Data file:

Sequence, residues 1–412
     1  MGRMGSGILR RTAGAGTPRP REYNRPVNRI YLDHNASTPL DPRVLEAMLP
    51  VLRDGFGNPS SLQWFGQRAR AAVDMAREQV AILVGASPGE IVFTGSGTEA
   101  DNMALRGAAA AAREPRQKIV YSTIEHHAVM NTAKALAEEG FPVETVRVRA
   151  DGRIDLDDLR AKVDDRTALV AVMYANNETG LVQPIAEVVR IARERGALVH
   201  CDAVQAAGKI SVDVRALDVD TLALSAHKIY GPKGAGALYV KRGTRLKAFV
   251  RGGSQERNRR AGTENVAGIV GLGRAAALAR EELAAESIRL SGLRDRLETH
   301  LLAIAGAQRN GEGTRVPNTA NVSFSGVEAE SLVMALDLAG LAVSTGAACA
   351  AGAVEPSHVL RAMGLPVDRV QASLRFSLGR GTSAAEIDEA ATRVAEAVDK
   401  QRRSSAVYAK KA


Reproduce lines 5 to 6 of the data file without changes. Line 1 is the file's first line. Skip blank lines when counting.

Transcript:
   151  DGRIDLDDLR AKVDDRTALV AVMYANNETG LVQPIAEVVR IARERGALVH
   201  CDAVQAAGKI SVDVRALDVD TLALSAHKIY GPKGAGALYV KRGTRLKAFV